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Avengers: Endgame’s best Captain America moment was a nod to comic book controversy

A callback, in context

Chris Evans as Steve Rogers in Captain America: The Winter Soldier. Marvel Studios

Avengers: Endgame contains a number of callbacks to the full history of the Marvel Cinematic Universe — which makes sense, given that it’s basically the season finale of a TV show where every episode is a movie.

But one in particular, featuring the Star-Spangled Man himself, Captain America, isn’t just a callback to past movies. It’s also, intentional or not, reminiscent of one of the most explosive moments in the history of Marvel fandom. To find out why all of your comics buddies gasped or groaned instead of laughing at that one part, read on.

[Ed. note: This post contains spoilers for Avengers: Endgame.]

Marvel Studios’ AVENGERS: ENDGAME..L to R: Nebula (Karen Gillan) and Captain America/Steve Rogers (Chris Evans)..Photo: Film Frame.. Marvel Studios

The scene in question occurs in the middle of the Avengers’ time heist, as Captain America steals the Mind Stone, hidden inside Loki’s scepter, from the SHIELD agents who confiscated it at the end of the Battle of New York. Disguised in a nanotech replica of his costume from Avengers (2012), he boards an elevator with the group, standing quietly at their center.

That is, in the middle of rehashing the first Avengers, Avengers: Endgame recreates a scene from Captain America: The Winter Soldier.

But instead of turning things into another small box brawl, Captain America takes what he’s learned from the present to do something much sneakier. He knows what won’t be revealed for a couple years yet: Agent Sitwell and Rumlow are allied with the secret Hydra cell embedded within SHIELD. So, when they express skepticism that his orders to take the scepter came straight from the top, he uses a secret code.

With a whispered “Hail Hydra,” Captain America walks out with the scepter.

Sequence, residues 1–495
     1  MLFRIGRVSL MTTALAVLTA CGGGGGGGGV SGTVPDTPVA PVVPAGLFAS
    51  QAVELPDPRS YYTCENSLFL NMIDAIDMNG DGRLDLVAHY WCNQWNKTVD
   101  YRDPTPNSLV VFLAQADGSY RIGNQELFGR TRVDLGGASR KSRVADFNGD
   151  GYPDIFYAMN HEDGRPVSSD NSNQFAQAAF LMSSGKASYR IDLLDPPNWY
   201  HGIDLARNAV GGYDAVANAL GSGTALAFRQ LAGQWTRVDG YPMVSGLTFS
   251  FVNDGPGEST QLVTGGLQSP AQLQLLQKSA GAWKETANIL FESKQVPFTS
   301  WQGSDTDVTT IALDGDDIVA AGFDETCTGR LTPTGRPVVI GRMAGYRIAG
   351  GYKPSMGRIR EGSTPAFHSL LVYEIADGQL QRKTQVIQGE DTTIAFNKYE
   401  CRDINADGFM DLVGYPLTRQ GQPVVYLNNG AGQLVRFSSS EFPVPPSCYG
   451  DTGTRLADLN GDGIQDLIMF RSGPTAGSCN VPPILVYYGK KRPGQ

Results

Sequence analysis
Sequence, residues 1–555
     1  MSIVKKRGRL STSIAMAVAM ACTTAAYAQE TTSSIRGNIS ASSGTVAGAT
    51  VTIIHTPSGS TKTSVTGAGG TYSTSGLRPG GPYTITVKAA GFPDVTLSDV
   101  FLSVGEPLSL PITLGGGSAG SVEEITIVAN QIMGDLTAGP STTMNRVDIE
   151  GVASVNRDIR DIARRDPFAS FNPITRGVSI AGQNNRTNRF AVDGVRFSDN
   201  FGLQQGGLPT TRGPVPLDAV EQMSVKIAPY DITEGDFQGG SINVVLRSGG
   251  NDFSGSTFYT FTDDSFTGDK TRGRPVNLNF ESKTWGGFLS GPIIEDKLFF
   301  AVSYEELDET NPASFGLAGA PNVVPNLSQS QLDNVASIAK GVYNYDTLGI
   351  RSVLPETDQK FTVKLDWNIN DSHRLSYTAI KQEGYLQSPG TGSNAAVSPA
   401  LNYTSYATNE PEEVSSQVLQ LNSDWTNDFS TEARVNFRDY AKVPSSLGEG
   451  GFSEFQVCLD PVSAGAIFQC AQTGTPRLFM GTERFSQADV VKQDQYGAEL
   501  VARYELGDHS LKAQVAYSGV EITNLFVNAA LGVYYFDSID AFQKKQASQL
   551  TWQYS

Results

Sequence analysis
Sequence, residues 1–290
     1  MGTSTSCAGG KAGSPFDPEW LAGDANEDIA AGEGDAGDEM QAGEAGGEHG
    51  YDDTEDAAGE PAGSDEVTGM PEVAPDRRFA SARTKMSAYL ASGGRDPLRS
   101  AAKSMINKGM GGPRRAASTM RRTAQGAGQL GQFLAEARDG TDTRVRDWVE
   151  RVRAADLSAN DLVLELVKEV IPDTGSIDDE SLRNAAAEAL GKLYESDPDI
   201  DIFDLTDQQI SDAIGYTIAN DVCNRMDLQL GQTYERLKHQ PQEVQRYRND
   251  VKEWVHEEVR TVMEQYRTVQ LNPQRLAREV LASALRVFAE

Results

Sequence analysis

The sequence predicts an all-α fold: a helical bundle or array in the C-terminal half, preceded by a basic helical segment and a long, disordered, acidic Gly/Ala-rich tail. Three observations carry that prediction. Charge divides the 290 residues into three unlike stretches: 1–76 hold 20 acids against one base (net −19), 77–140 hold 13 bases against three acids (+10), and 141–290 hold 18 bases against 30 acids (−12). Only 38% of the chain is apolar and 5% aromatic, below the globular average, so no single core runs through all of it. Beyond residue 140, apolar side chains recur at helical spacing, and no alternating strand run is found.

What a cute way to reference Captain America: The Winter Soldier’s most memetic moment! Well...

Evil Steve Rogers says “Hail Hydra” in Captain America: Steve Rogers #1, Marvel Comics (2016).
From the end of Captain America: Steve Rogers #1
Nick Spencer, Jesus Saiz/Marvel Comics

How to explain Secret Empire?

Marvel Comics’ 2017 summer crossover, Secret Empire, revealed that in the original timeline of the Marvel Universe, Steve Rogers had been a life-long Hydra agent and the Allies had lost World War II. That is, until the Allies got their hands on the Cosmic Cube, and used it to change Captain America’s alignment and tip the war in their favor.

Hydra is an organization that has long sat in as a fictional proxy for remnants of Nazi Germany’s Third Reich, created in 1951 by Jewish-American WWII veteran and comic industry titan Jack Kirby (who also co-created Captain America). In almost any time period, the use of Hydra to represent fascism would combine awkwardly with the idea of Captain America allying himself with them, but it went over like a lead balloon in the political climate of 2016 and 2017. Secret Empire architect Nick Spencer’s volatile use of Twitter to interact with critical fans didn’t help much either.

For its part, Marvel Comics insisted that the modern Hydra that this Steve Rogers was leading was not Nazi-affiliated, that the storyline was not meant to parallel any real-world political events, and that fans would ultimately be satisfied if they waited for the ending. The company went so far as to release an official statement about the contents of that ending three months before it was to be released.

The Secret Empire crossover didn’t start properly until a version of the Cosmic Cube was used to alter the Marvel Comics timeline so that Hydra forces were in charge (this was all later fixed by more Cosmic Cube shenanigans). But the lead up to it started much earlier, with the first reveal that Captain America was a secret Hydra agent.

That is, with the infamous and memetic panel above, of Steve Rogers saying “Hail Hydra.”

In other words, there’s a good chuckle to be had out of Cap saying “Hail Hydra” in Avengers: Endgame. But since the backlash to Secret Empire’s plot defined the conversation around Marvel Comics for much of 2017, it’s understandable if it gave your very-plugged-in-to-comics friend some weird flashbacks.

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